Laddertop Books 1-2 by Orson Scott Card, Emily Janice Card and illustrated by Honoel A. Ibardolaza (graphic novel review).

At the same time as this reviewer was working his way through ‘Laddertop’, the British digital channel ‘Film On Four’ was holding a ‘Studio Ghibli’ season. The reason I mention this is that those films are famous for involving pre-teen girls as their central characters, something mainstream filmmakers have often found difficult. Historically, that’s also been true for graphic novels and, indeed genre fiction generally, with boys much more likely to be the protagonists than girls.

In any case, what Orson Scott Card and Emily Janice Card have created with ‘Laddertop’ is a world where pre-teens occupy a crucial role in how their society works. When an alien race known as the Givers arrived on Earth, they created a number of giant towers that could reach up into space and there gather enough solar energy to completely power civilisation without the need for fossil fuels.

These giant towers, known as Ladders, were given over to humanity, but with the instruction that they needed to be maintained and that the only people able to fit inside the towers and work them would be children.

This crucial role could only be filled by the most gifted children and competition for these positions is intense. Consequently, a lot of the first volume involves not just the necessary background exposition but also explorations of the lead characters and how they react to being chosen to work on the Ladders.

There’s some school-type drama with the two girls, Azure and Robbi, being chosen from one school. Being that they are not only friends but opposites in many ways, which ensures not only some engaging humour, but also the chance to view from different perspectives the Ladders and the society they have created.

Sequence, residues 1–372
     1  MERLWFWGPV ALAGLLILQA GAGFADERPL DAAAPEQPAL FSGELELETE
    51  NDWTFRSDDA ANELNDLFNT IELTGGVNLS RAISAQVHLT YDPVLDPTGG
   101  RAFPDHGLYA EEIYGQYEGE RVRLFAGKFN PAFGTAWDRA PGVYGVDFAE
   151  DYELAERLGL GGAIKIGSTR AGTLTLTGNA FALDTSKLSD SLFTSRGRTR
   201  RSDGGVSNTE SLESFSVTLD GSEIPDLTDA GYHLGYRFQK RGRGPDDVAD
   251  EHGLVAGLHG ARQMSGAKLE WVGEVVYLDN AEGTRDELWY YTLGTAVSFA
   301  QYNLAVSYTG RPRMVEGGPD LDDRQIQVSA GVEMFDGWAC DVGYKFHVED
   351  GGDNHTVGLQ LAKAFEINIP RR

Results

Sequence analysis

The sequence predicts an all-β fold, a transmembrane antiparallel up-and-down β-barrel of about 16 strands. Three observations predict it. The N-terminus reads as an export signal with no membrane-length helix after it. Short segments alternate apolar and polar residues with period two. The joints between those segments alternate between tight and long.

In many ways the book reads like conventional manga, with the illustrations by Ibardolaza competently getting the story across very much within established traditions. There’s nothing mind-blowing about the artwork, though, and the story, while solid, burns slowly. Inevitably, there’s more to the requirement for child workers than simply their small size and together with the mysterious alien threat, the story isn’t a million miles from Card’s best-known novel, ‘Ender’s Game’.

But it isn’t simply a reworking of that novel and, once you get past the superficial similarities, arguably necessary if you want to have child characters in a realistic space setting, ‘Laddertop’ is fresh and imaginative, if a bit slow.

Neale Monks

September 2018

(pub: TOR/Seven Seas. 384 small enlarged paperback graphic novel. Price: $12.99 (UK), $14.99 (CAN). ISBN: 978-0-7653-2461-0)

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